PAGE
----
So now my mood is set.

Okay. Let’s take the lawn mower to the service center. Its one of those big, nasty, power mowers that give boners to real men and can puree any small animals hiding in the grass. Only from Sears. I get to the service center which is having a busy, busy day. With receipts and warranty in hand, I get in line behind two old men and a lady with vacuum. We are lined up behind a empty counter, and the phone is ringing. Its one of those new phones with that annoying high tech sounding beepy rings and it is being piped over the intercom. Its ringing. And ringing. And ringing. And ringing. One old man ahead of me turns to me and says in total seriousness, “where is the guy?” He must be picking up on my aura of omnipotency, and the power I have to divine the whereabouts of those who make minimum wage. After waiting for about 20 of them annoying phone ringy beeps, I finally get up to the counter, and the interaction with the customer service chick goes pretty smoothly except when I reach the part of “and can I get a big guy to unload the mower from the car?” She informed me there were no big guys that worked at the Sears Service Center (although I saw one having a smoke outside). Apparently they all had quit, and it was just her and another girly. All the while the phone is still ringing. And ringing. And ringing. She hands me a claim check, and I stand there. We both stand there. I finally break the cold war tension which is just thick as George W. Bush, and ask “So, do I bring in the mower?”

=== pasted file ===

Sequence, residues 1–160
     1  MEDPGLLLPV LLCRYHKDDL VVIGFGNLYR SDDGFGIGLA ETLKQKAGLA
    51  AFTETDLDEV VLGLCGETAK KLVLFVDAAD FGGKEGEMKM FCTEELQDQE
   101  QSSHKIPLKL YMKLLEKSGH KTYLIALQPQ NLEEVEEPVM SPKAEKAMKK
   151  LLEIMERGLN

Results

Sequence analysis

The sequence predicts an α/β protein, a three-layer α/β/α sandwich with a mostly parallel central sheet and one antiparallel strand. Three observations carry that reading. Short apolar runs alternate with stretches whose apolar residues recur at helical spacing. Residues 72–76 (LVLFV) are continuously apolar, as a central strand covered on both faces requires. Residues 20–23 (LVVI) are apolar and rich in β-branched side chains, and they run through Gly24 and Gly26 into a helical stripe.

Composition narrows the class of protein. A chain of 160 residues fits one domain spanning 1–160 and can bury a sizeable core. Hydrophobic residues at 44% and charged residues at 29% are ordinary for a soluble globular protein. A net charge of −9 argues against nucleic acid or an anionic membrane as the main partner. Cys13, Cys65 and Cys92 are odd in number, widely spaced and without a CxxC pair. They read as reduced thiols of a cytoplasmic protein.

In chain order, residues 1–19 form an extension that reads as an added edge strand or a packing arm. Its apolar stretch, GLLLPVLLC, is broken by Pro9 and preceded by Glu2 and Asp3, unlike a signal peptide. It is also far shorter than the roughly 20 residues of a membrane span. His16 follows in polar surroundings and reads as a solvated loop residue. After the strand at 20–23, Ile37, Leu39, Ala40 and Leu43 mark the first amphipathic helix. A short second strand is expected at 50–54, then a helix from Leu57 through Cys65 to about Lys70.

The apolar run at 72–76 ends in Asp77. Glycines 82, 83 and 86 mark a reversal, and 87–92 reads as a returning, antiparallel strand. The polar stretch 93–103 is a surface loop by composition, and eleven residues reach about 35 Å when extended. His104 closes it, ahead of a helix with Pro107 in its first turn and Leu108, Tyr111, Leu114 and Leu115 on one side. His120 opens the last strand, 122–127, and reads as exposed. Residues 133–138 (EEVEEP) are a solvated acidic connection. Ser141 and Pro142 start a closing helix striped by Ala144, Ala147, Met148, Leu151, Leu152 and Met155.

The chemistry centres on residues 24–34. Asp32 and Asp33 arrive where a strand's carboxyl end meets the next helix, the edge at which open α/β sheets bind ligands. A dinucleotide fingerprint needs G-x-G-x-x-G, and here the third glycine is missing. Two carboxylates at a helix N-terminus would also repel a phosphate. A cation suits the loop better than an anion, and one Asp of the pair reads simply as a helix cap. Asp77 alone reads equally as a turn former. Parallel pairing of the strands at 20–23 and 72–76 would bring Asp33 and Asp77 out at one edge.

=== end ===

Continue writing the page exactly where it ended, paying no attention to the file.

Egads, I never knew mowers were so heavy.

Hey now. Its time for the coda to where my day has been uncontrollably crescendoing. The Department of Motor Vehicles. I would rather been strapped down to a chair, and forced to watch John Travolta’s “Battlefield Earth”, over and over and over again, than to do that Batan Death March through the nylon belted maze. Everyone in line has the beleaguered look that I’ve seen on the faces of those Kosovo refugees trudging to the border. Did I tell you that there seemed like there was no ventilation, much less air conditioning? Oh and I was standing next to a man with enough Brute on to choke a large water buffalo. AN HOUR and fifteen minutes later, I reach one of the DMV ladies. We go through the whole deal of verifying the insurance, and the title and crap. I got to the end, and wrote out a check. MY ONLY CHECK. The DMV lady says, “well, I’ll need another check for fifty cents for the postage fee…” (some postage fee? some fee to cover the cost of mailing the deal to Topeka? whatever…) I said, “Can’t I just include the fifty cents in the check I’m writing to you?”. My heart sank. Nope. So. I’m digging in my pockets. I’m counting out pennies. I’m saying a little prayer to whatever saint covers finding change in secret crevasses of desparate women. I come up with thirty five cents. I look at the lady with puppy dog eyes. “You’ll have to come back tomorrow. I’m sorry.” I never try to do things like ask strangers for money, but I did it. I asked the DMV lady for fifteen cents. She just kept saying, “I’m sorry, no.” As I was about to open my veins with my last check there on the counter in the DMV, the lady behind me gave me fifteen cents.

I came home and ate chocolate.